Eye on Dance

EYE ON DANCE

Arts Resources in Collaboration, Inc.

eyeondance.org

Imagine listening in on a conversation between choreographer Erick Hawkins and mask-maker Ralph Lee as they discuss their collaborative process for costume design; or watching Edward Villella reveal his history with Balanchine; or hearing Alvin Ailey talk about the early days of forming his company. These are just a few examples of the in-depth video interviews in EYE ON DANCE (1981–2006), a PBS weekly television series created, produced and hosted by former dancer and choreographer Celia Ipiotis.

“I cannot imagine teaching dance history or theory without using this invaluable series,” says Sally Sommer, dance historian and professor at Florida State University. “My students regularly turn to these video archives, which my university library owns, for hard-to-find primary-source material.”

Viewers can find a media archive of excerpts from Ipiotis’ interviews on the website, as well as a list of select EYE ON DANCE programs available for purchase. (Select “Media Library” from the right-hand column on the website to search by artist or dance category.) The complete series can be viewed at the New York Public Library for the Performing Arts or purchased by educational institutions and libraries. Ipiotis is currently raising funds to digitize the extensive archive, which includes source material never seen publicly—raw videotape footage, handwritten communications, rare photographs and publications.

Teacher Voices
Getty Images

I often teach ballet over Zoom in the evenings, shortly after sunset. Without the natural light coming from my living room window, I drag a table lamp next to my portable barre so that the computer's camera can see me clearly enough. I prop the laptop on a chair taken from the kitchen and then spend the next few hours running back and forth between the computer screen of Zoom tiles and my makeshift dance floor.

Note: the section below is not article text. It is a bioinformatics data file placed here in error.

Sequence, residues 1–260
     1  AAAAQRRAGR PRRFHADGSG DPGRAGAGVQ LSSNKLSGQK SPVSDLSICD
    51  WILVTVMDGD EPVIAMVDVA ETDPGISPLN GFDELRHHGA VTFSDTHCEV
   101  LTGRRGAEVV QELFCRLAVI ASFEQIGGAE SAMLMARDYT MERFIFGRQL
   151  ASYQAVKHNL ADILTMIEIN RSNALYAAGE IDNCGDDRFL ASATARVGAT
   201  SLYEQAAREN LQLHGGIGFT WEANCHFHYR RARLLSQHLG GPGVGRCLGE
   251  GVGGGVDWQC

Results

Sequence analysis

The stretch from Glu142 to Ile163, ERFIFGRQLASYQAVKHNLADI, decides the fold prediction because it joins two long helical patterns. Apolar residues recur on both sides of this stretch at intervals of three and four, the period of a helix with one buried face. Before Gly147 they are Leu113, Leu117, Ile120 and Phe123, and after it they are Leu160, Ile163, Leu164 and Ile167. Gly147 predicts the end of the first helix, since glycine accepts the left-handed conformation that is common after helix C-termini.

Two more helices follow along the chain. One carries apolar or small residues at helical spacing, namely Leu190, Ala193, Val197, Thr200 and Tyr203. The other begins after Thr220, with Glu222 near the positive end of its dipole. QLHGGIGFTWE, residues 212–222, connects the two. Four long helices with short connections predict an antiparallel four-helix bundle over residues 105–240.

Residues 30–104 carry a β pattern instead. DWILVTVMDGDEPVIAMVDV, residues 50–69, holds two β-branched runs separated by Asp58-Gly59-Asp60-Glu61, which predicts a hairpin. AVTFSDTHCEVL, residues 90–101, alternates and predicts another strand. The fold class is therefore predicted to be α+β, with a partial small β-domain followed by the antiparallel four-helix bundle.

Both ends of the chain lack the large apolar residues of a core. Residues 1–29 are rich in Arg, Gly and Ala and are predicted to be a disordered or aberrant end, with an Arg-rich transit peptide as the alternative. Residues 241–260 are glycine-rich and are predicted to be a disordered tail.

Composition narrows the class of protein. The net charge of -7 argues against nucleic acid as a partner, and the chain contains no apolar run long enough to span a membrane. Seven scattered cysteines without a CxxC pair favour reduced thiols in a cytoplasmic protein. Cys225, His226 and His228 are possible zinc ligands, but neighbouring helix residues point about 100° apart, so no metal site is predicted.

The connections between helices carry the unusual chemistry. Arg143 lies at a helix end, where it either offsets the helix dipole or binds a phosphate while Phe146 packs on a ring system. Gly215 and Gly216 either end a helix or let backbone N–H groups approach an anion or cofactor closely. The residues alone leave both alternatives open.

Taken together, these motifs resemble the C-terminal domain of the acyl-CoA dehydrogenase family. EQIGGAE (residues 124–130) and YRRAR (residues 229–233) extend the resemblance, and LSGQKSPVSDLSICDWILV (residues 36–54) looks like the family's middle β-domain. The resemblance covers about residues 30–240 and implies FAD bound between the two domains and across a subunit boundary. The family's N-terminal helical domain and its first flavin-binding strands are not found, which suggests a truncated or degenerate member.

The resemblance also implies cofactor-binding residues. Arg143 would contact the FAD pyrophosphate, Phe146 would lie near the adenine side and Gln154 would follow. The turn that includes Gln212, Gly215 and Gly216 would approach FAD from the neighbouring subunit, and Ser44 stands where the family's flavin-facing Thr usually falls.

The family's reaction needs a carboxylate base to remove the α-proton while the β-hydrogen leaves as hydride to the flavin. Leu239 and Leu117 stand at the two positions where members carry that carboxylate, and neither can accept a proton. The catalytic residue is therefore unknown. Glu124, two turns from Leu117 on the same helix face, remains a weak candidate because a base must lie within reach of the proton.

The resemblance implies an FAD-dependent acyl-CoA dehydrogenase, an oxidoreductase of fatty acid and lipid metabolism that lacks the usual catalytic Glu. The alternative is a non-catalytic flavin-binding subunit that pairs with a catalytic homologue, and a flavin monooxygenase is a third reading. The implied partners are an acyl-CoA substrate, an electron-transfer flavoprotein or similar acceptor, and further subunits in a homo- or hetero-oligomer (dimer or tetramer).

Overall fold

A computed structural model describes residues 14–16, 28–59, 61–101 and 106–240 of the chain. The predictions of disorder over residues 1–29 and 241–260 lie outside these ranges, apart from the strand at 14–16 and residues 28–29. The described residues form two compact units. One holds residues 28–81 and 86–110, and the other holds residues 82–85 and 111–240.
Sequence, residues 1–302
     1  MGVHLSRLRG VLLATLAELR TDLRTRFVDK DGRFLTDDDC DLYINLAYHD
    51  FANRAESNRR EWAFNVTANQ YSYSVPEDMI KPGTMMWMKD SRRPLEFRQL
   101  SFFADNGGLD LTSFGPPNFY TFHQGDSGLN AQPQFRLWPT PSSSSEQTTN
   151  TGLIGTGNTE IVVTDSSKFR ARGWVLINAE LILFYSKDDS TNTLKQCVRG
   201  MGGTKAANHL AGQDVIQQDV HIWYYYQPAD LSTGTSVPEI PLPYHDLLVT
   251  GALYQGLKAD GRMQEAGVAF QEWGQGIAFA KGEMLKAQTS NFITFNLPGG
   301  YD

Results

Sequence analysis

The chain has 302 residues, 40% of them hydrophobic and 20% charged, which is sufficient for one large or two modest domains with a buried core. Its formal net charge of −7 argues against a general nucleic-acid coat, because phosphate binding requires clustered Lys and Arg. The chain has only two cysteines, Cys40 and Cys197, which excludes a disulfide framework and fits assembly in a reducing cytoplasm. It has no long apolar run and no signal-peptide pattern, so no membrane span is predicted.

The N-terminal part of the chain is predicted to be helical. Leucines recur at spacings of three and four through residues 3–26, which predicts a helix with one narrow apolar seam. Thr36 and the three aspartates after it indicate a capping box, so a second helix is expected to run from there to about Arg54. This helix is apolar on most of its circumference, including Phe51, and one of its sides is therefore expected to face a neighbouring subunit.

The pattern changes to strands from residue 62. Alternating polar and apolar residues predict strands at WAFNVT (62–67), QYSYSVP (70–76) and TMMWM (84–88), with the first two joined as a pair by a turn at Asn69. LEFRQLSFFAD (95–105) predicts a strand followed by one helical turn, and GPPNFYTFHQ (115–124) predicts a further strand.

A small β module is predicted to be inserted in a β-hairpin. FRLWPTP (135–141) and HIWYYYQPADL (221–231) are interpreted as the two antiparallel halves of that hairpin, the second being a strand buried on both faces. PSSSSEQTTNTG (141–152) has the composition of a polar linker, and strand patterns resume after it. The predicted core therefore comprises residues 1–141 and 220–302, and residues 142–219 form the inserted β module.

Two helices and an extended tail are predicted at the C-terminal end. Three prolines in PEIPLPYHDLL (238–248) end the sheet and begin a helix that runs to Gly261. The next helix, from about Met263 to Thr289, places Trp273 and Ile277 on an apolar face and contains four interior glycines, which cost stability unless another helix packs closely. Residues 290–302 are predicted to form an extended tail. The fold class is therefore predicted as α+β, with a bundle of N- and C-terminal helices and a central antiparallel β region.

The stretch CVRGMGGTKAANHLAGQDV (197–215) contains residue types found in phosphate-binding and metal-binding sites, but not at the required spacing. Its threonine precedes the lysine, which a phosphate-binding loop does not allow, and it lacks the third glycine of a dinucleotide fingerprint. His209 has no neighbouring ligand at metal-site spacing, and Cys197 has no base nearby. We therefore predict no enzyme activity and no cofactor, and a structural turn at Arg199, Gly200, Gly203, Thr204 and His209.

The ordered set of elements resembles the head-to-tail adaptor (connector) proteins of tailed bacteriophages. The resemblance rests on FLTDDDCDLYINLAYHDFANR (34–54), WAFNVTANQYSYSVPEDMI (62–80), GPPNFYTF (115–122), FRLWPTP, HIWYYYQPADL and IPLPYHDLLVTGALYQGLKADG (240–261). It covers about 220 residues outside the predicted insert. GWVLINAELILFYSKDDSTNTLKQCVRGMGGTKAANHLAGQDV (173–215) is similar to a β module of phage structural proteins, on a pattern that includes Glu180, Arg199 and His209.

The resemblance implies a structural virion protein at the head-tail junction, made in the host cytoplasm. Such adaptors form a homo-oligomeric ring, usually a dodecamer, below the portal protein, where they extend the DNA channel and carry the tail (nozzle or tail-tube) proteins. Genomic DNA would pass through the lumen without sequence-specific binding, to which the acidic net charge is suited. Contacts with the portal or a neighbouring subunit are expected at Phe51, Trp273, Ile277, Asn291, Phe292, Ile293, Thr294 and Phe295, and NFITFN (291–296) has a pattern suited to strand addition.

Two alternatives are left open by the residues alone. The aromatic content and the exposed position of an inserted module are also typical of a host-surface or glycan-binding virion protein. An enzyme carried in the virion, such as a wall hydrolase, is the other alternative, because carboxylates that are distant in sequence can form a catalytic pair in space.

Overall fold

Much of this setup is the result of my attempts to recreate the most important aspects of an in-person dance studio: I have a barre, a floor and as much space as I can reasonably give myself within a small apartment. I do not, however, have a mirror, and neither do most of my students.

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Music
Allie Burke, courtesy Lo Cascio

If you'd hear it on the radio, you won't hear it in Anthony Lo Cascio's tap classes.

"If I play a song that my kids know, I'm kind of disappointed in myself," he says. "I either want to be on the cutting edge or playing the classics."

He finds that most of today's trendy tracks lack the depth needed for tap, and that there's a disconnect between kids and popular music. "They have trouble finding the beat compared to older genres," he says.

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Teachers Trending
Courtesy Lovely Leaps

After the birth of her daughter in 2018, engineer Lisa McCabe had reservations about returning to the workforce full-time. And while she wanted to stay home with the new baby, she wasn't ready to stop contributing financially to her family (after all, she'd had a successful career designing cables for government drones). So, when she got a call that September from an area preschool to lead its dance program, she saw an opportunity.

The invitation to teach wasn't completely out of the blue. McCabe had grown up dancing in Southern California and had a great reputation from serving as her church's dance teacher and team coach the previous three years (stopping only to take a break as a new mother). She agreed to teach ballet and jazz at the preschool on Fridays and from there created an age-appropriate class based on her own training in the Cecchetti and RAD methods. It was a success: In three months, class enrollment went from six to 24 students, and just one year later, McCabe's blossoming Lovely Leaps brand had contracts with eight preschools and three additional teachers.

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